Pyongyang’s charm offensive is also highlighting differences between the approaches of South Korean and U.S. officials. Vice President Mike Pence called the inter-Korean rapprochement and the North’s participation in the Olympics, a “propaganda charade” put on by “the most tyrannical regime on the planet.”
The first time that the leaders of North and South Korea shook hands at a summit meeting in Pyongyang, in 2000, South Koreans entered from a position of strength: The previous decade had witnessed the end of the Cold War, the death of North Korea’s founder and the onset of a crippling famine that threatened to topple the North’s economy.
“Because of everything that North Korea had gone through, there was a sense that maybe the North Korean regime was changing in a major way,” said David Straub, the top political officer at the U.S. Embassy in Seoul at the time, and now a fellow at the Sejong Institute think tank in South Korea.
This time is different. North Korea has advanced its nuclear program in recent years and now boasts of being able to hit the U.S. East Coast with missiles. In September, it tested its most powerful nuclear device.
“The only thing that’s changed now is that the North has conducted more nuclear-weapons tests and fired dozens of ballistic missiles,” said Moon Seong-mook, a retired brigadier-general in the South Korean army who was involved in arranging the talks for the most recent summit in 2007.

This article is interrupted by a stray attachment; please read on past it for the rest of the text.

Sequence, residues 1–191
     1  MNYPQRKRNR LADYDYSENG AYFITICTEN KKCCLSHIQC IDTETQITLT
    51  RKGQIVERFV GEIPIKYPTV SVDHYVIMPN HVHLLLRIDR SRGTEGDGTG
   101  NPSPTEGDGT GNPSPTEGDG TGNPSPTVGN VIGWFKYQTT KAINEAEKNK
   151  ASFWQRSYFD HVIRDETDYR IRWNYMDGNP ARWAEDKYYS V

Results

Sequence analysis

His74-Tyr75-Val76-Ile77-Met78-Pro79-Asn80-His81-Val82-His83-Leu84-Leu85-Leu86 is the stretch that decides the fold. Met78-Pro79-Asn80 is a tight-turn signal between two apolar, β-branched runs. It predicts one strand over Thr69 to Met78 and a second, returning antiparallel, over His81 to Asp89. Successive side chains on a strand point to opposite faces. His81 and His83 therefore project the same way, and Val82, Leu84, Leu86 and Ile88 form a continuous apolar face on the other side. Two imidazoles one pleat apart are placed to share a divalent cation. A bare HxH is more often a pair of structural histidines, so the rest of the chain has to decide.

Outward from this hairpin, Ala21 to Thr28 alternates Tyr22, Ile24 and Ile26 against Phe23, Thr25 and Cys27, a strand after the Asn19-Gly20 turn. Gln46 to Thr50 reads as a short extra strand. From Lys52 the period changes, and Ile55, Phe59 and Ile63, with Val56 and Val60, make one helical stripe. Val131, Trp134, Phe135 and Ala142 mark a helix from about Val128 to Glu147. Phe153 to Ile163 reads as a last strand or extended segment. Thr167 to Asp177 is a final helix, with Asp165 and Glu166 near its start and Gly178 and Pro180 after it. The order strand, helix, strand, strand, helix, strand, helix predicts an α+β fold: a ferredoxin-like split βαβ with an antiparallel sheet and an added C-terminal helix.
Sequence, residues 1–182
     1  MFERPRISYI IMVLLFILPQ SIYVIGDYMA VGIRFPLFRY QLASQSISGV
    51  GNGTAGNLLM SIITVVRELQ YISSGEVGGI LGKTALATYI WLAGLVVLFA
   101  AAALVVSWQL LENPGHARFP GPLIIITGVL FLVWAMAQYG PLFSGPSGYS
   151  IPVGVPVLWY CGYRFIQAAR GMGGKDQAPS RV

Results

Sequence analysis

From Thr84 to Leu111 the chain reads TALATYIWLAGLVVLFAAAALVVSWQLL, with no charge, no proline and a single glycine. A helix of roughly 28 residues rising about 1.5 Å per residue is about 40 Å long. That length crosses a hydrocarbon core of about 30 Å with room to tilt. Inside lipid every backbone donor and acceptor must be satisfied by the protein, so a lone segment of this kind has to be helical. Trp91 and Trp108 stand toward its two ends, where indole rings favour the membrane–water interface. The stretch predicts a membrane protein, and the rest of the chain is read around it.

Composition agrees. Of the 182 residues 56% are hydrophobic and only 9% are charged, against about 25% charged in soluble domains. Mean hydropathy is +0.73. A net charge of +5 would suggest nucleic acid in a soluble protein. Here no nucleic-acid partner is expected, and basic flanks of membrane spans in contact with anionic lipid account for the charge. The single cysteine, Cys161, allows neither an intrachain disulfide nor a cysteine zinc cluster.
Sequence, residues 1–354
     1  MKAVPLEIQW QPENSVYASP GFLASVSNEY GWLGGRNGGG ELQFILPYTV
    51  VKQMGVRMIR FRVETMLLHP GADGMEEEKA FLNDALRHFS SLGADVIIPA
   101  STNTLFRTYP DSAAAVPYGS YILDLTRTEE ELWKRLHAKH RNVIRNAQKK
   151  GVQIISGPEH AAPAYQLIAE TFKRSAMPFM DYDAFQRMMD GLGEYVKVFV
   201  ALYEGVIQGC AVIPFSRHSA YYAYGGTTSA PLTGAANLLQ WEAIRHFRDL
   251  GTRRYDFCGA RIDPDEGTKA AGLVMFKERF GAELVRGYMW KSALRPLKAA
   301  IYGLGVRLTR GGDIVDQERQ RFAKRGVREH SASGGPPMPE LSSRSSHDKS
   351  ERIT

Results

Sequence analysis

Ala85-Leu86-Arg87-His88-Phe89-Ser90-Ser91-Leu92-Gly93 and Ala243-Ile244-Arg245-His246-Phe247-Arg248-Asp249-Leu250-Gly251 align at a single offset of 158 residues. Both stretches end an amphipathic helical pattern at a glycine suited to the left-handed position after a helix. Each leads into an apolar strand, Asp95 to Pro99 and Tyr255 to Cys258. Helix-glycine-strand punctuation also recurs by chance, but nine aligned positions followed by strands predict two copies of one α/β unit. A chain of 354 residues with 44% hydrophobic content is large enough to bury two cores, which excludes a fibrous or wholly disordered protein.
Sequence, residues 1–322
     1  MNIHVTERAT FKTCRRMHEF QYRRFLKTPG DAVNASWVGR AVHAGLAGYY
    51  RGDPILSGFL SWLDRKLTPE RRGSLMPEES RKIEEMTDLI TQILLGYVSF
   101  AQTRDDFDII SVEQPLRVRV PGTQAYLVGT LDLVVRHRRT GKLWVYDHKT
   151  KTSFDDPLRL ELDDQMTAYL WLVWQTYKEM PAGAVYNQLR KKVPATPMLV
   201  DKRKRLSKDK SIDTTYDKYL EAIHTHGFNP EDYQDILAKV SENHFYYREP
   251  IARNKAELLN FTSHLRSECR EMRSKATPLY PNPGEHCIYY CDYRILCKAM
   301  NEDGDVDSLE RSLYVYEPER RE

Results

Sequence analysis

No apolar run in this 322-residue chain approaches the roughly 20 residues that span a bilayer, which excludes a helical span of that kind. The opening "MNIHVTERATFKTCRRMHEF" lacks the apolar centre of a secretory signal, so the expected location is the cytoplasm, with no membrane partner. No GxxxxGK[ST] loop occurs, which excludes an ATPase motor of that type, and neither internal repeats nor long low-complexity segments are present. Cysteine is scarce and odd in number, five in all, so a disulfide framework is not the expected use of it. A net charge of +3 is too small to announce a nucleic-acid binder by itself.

In the North, Pyongyang’s official media has presented the recent rapprochement as a product of Mr. Kim’s magnanimity.
“Moon Jae-in said at the talk that the current visit of the delegation of the north side created a spark of improving the inter-Korean relations and ensuring peace on the Korean Peninsula and that he extends his heartfelt thanks to Chairman Kim Jong Un for providing today’s significant occasion,” the North’s state media said in a report published Sunday.
Even supporters of engagement, such as John Delury, a North Korea expert at Yonsei University in Seoul, acknowledge that the domestic mood in South Korea is far less conducive to talks this time around.
“It’s probably not good to go into this with too much euphoria,” Mr. Delury said. “North Korea will break your heart.”
—Felicia Schwartz in Cairo contributed to this article.